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G450(P) An uncommon cause of deranged thyroid function in a family line
  1. J Fordham1,
  2. P Lwin1,
  3. Y Kumar1,
  4. C Moran2,
  5. K Chatterjee2
  1. 1Paediatrics, Royal Cornwall Hospital Trust, Truro, UK
  2. 2University of Cambridge Metabolic Research Laboratories, Wellcome Trust- Medical Research Council Institute of Metabolic Science, Cambridge, UK


Resistance to Thyroid Hormone (RTH) describes the condition of reduced receptor responsiveness to thyroid hormone in the presence of its sufficient production. Since the term was first used in 1967, over 3000 cases have been discovered, the majority of whom have a mutation in the Thyroid Hormone Receptor β (THRβ) gene. More recently, the term ‘Impaired Sensitivity to Thyroid Hormone’ has been proposed to encompass the various genetic causes and clinical presentations of this condition.

In this report, a case series of a mother and her two children is described, of a familial mutation causing RTH. The condition was first diagnosed in the mother, being then without children, following markedly elevated thyroid hormone levels on a screening test for menstrual irregularity. Genetic sequencing revealed that she was heterozygous for a mutation Cys446Arg in the THRβ gene. Because of this finding, the woman’s two children were screened for thyroid dysfunction in early infancy.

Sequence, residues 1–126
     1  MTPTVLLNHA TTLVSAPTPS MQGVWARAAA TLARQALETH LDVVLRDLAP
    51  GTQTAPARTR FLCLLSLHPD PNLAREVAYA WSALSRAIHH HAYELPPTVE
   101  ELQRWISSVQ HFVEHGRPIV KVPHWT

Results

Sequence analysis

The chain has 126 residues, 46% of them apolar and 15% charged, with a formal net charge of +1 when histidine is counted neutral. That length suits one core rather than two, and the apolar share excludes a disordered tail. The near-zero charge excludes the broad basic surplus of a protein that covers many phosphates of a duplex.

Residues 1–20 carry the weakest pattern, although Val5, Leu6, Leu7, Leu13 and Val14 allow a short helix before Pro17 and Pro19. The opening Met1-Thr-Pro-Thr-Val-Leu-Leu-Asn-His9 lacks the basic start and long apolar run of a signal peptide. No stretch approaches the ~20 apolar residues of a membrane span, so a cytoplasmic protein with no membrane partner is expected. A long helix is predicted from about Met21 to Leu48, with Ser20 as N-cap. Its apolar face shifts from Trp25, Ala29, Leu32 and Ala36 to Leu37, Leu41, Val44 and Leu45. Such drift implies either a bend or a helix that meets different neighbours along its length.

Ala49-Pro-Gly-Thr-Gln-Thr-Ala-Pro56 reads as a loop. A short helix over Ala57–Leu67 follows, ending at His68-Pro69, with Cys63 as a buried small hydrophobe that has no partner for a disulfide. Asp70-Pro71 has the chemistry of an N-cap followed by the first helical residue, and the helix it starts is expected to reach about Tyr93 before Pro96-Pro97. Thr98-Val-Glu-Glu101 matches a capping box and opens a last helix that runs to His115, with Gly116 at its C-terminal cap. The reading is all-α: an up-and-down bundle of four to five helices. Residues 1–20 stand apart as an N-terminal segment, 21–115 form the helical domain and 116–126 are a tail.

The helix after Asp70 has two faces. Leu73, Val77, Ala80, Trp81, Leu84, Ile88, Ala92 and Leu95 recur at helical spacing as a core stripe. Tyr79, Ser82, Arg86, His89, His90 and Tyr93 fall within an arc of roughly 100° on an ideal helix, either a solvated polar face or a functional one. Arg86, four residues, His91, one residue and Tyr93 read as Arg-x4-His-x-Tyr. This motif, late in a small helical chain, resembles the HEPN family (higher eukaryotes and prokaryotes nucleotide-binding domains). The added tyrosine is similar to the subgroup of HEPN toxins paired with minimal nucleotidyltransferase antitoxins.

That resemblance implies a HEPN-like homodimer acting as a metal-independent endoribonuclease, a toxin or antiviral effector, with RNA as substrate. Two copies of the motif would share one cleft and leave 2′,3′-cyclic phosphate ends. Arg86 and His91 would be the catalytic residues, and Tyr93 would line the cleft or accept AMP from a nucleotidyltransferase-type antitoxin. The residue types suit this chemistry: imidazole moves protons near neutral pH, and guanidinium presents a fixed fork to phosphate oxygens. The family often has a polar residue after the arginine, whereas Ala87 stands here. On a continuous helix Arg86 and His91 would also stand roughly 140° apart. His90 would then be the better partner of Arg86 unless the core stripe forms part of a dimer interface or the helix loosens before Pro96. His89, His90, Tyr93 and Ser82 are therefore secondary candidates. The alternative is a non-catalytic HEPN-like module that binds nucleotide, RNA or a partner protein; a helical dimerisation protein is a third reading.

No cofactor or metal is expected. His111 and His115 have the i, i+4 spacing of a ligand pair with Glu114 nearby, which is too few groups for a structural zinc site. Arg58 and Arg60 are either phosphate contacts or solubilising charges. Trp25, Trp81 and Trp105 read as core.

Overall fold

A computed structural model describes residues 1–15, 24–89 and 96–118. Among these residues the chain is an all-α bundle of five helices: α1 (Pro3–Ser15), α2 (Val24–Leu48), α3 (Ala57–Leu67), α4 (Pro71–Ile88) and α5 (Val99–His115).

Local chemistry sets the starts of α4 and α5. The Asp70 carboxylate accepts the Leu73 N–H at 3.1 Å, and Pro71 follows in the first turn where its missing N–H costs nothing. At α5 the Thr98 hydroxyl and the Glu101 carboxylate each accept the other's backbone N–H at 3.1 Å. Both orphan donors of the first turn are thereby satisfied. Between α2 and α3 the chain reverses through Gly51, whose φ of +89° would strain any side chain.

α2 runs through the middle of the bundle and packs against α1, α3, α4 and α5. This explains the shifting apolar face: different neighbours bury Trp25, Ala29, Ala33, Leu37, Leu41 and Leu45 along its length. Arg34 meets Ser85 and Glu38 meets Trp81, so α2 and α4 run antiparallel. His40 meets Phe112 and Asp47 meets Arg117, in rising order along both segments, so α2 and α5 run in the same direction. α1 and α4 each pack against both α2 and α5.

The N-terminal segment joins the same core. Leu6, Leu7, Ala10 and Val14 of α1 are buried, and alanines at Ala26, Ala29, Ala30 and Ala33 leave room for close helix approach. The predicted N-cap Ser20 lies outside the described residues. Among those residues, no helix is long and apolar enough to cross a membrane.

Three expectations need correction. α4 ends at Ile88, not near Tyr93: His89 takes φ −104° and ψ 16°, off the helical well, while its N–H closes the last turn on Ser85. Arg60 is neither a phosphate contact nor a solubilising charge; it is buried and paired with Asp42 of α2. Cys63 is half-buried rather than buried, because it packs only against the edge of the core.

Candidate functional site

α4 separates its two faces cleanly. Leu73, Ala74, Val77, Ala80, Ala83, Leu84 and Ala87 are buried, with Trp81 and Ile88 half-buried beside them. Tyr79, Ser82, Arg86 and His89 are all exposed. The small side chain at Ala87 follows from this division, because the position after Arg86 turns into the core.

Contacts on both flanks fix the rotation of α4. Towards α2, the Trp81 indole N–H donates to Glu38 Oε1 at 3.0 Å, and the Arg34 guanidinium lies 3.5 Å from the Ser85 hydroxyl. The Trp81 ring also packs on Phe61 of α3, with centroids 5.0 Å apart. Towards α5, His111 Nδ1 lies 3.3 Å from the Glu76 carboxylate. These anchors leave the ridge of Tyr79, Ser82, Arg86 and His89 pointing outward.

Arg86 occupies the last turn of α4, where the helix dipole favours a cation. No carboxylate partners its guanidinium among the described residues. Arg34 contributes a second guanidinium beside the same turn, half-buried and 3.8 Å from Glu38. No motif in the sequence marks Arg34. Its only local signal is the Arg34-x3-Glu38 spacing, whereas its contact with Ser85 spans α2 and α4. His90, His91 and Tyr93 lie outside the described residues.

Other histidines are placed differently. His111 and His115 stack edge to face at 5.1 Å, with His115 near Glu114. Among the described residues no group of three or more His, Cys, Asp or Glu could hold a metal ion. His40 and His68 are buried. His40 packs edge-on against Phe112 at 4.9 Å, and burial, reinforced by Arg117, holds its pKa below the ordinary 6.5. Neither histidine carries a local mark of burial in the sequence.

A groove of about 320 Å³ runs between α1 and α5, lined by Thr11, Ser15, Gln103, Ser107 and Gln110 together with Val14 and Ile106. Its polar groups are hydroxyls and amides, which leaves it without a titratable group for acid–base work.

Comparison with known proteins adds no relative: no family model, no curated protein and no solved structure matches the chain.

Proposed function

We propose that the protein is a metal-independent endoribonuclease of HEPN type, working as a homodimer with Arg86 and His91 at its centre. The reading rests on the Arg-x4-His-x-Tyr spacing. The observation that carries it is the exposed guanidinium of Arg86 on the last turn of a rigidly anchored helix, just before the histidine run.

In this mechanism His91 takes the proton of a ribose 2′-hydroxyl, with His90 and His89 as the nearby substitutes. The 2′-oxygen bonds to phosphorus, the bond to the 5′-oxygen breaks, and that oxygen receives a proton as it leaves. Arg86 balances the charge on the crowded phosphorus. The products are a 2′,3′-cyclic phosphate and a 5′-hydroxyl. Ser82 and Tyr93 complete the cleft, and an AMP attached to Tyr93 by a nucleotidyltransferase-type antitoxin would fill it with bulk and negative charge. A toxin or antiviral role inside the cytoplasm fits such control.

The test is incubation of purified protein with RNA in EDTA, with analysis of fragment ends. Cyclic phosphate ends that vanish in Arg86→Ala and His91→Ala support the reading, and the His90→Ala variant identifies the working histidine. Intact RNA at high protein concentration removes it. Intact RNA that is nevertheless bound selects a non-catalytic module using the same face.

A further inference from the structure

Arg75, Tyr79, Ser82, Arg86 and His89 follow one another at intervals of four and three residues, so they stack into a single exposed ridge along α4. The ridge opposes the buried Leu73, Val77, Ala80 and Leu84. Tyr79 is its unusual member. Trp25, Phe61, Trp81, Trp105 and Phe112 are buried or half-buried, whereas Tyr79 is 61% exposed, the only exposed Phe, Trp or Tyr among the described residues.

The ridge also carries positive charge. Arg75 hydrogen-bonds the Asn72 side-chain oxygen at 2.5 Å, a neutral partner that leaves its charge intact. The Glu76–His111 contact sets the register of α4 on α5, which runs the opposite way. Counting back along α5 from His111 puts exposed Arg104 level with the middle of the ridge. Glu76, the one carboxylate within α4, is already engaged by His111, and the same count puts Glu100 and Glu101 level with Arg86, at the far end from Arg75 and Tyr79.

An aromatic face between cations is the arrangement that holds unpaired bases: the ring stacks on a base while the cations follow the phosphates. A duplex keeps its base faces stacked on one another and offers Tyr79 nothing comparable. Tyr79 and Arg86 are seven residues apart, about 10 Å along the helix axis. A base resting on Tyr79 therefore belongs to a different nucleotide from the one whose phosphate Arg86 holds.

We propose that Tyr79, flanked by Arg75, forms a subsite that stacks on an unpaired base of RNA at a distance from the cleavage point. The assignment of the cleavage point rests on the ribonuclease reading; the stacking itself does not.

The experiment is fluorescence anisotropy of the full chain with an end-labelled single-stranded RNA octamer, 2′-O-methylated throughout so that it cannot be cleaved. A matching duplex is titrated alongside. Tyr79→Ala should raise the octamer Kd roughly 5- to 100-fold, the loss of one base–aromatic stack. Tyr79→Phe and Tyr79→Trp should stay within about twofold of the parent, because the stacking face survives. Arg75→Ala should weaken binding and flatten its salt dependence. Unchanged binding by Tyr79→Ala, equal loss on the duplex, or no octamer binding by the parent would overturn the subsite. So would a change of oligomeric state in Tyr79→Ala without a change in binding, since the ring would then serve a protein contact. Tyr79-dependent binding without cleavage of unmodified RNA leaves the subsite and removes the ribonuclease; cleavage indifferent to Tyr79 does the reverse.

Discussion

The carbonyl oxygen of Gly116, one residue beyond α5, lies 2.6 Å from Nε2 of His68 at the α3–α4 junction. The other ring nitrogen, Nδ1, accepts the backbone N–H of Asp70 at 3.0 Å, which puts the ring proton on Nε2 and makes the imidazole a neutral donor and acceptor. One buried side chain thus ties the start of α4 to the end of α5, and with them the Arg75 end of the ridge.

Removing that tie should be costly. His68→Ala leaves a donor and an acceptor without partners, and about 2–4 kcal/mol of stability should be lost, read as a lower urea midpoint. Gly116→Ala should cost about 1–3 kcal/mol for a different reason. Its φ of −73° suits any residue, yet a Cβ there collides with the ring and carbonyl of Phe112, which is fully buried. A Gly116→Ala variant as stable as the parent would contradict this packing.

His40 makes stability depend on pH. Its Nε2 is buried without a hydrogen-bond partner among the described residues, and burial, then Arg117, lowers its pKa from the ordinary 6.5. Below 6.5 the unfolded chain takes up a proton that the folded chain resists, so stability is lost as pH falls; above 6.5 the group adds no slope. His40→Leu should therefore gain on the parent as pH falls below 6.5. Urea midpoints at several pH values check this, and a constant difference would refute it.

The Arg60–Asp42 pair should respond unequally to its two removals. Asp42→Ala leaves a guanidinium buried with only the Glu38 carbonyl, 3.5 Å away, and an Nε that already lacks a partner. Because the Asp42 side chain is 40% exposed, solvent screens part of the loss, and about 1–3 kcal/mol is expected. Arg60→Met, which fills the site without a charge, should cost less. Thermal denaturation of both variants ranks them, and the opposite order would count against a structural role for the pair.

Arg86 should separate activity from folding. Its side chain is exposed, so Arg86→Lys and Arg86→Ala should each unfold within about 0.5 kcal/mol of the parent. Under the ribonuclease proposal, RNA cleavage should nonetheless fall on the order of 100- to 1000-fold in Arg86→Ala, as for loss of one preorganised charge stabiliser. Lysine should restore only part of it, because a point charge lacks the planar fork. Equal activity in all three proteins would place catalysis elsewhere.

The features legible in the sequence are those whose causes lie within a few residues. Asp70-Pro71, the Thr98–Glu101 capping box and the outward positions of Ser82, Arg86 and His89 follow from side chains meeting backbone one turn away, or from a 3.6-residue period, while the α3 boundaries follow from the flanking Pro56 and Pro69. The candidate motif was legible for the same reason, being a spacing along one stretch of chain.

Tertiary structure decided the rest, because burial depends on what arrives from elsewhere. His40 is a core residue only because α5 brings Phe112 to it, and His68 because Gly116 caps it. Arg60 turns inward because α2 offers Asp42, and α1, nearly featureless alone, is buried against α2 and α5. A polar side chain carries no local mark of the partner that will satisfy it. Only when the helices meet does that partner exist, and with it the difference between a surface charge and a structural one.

Both children were born at term, with birth weights around 9th centile, and were seen post-natally for thyroid function tests. The first child, a boy now aged three years, had on day ten of life a free T4 level of 51.7 pmol/L and Thyroid Stimulating Hormone (TSH) level of 8.4 miu/L. The second child, a girl now aged three months, had on day twelve of life a free T4 level of 71.7 pmol/L and TSH 6.5 miu/L. Both children had normal thyroid peroxidase antibody levels.

Neither child has raised concerns regarding growth velocity on regular outpatient review. The first child was referred for Speech and Language Therapy assistance at two years of age for concerns regarding vocabulary and pronounciation. He was discharged after one year. Apart from this input, no further developmental concerns have been raised.

This case report emphasises the need for a high degree of suspicion when faced with elevated T4 without suppression of TSH in the context of a family history of thyroid disease.

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